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8 September 2016
Withers & Rogers former Chairman Karl Barnfather was delighted to moderate the opening panel session, on the Implications of Brexit and the UPC, to the MIP European Patent Reform Forum in Munich on Tuesday 6 September 2016. On the panel was Margot Fröhlinger of the European Patent Office and Professor Tilmann of the University of Heidelberg.
Professor Tilmann was the first commentator, following the UK’s referendum decision of 24 June 2016 to leave the European Union, to state that such withdrawal from the EU would not preclude the possibility of the United Kingdom remaining a member of the Unified Patent Court (UPC) system. His paper on the subject was published on the 28 June 2016 on the IPKat blog here.
The legal position which is widely supported (but not without some criticism) is dependent on the UK ratifying the UPC agreement (UPCA) whilst still a member of the European Union. This opinion was also backed by Margot Fröhlinger (formerly of the European Commission) since the UPCA is an International, and not European Union, agreement. Accordingly, ratification by the UK whilst still a member of the European Union would comply with Article 84 of the UPCA.
However, Margot Fröhlinger went on to state that of course it would be necessary for the UK also to confirm that it would, post Brexit, accept the rulings on questions of law by the Court of Justice of the European Union (ECJ) in respect of those limited areas for which referrals from the Unified Patent Court would be made to the ECJ. In this regard, the limited areas of referral include questions regarding Supplementary Patent Certificates (SPC’s) the Biotechnology Directive, and the Enforcement Directive. The UK will also have to comply with any orders by the ECJ in relation to any damages arising from any breach of these EU directives in accordance with Article 22 UPCA. However, it is understood that no such damages orders have ever been made in the history of the European Union and as such they remain highly unlikely. Moreover, these areas of possible concern seem minor in comparison with other areas of commerce, outside of patents, in which many more EU Directives are in force.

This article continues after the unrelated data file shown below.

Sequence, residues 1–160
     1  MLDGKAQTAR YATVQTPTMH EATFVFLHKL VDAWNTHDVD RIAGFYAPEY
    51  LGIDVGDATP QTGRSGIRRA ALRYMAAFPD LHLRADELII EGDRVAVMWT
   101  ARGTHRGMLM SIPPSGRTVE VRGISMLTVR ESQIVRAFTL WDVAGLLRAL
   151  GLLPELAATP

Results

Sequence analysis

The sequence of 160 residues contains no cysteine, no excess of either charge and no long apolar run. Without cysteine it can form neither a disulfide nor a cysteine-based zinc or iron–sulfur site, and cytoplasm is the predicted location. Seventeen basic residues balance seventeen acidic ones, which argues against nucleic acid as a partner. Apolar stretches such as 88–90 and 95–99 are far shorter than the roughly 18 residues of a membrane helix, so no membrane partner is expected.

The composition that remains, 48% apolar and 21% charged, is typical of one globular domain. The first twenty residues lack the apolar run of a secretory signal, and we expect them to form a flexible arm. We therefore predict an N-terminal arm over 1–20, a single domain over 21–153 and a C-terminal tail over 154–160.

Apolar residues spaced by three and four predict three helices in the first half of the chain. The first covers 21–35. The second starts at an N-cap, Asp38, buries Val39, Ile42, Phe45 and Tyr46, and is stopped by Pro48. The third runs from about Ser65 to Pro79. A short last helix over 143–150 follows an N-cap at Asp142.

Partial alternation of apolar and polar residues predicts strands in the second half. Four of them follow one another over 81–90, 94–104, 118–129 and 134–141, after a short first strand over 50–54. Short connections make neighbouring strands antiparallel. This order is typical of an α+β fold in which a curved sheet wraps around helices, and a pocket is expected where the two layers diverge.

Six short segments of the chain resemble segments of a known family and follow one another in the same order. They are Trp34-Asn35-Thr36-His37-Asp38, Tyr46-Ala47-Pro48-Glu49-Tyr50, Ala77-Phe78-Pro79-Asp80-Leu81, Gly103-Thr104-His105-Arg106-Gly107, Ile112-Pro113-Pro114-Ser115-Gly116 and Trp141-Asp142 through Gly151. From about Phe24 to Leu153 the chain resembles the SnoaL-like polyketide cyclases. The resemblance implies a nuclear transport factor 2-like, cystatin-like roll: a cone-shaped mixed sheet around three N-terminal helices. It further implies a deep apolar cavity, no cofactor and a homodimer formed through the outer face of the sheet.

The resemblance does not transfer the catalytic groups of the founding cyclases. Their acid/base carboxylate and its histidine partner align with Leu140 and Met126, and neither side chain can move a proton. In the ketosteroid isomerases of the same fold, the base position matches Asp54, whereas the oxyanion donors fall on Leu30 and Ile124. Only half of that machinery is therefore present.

Accordingly, the Seminar made it clear that the legal position is very positive regarding the possibility of the Unified Patent Court Agreement coming into force with the UK’s continuing involvement beyond Brexit.
Whilst there appears to be widespread support by patent practitioners for this legal position, there is however a lack of clarity in relation to political will. British Prime Minister Theresa May’s “Brexit means Brexit” position seems to indicate that the UK will be leaving the European Union during her current term of office which is due to expire in May 2020. As such, the UPC is one of the many issues which might become a bargaining tool in negotiations with the European Union regarding the proposed exit.
The Intellectual Property Federation (an organisation representing British companies with significant interest in Intellectual Property) issued a positioning statement which states that it is in support of membership of the Unified Patent Court and ratification of the agreement. However, guarantees would need to be given regarding the continuing involvement of the United Kingdom after any exit from the European Union. For example, the Central Division of the Unified Patent Court related to pharmaceuticals should continue to be in London.
The Intellectual Property Federation has publicly stated :
“• We support the Unitary Patent (UP), and the Unified Patent Court (UPC) with the UK participating on the current terms, including the location of the branch of the Central Division in London.
The debate on the Implications of Brexit and the UPC gave a clear indication of the legal certainty regarding the legal possibility of the United Kingdom remaining and enabling implementation of the Unified Patent Court Agreement and of the continuing affect thereof after the United Kingdom left the European Union. The issue then appears to be one of political will on the part of the remaining members of the European Union, as well as the United Kingdom, as to whether ratification should take place before the UK leaves the EU.
In spite of recent optimism for implementation of the UPC in 2017, following many years of trying to create an efficient, predictable and harmonized patent landscape within the European Union, the lack of political certainty no longer offers much room for hope on the actual unfolding of these positive events in the near future.
Partner & Patent Attorney
If you require further information on anything covered in this briefing, please contact Karl Barnfather (email@example.com; +44 1926 310700) or your usual contact at the firm. This publication is a general summary of the law. It should not replace legal advice tailored to your specific circumstances.
© Withers & Rogers LLP, September 2016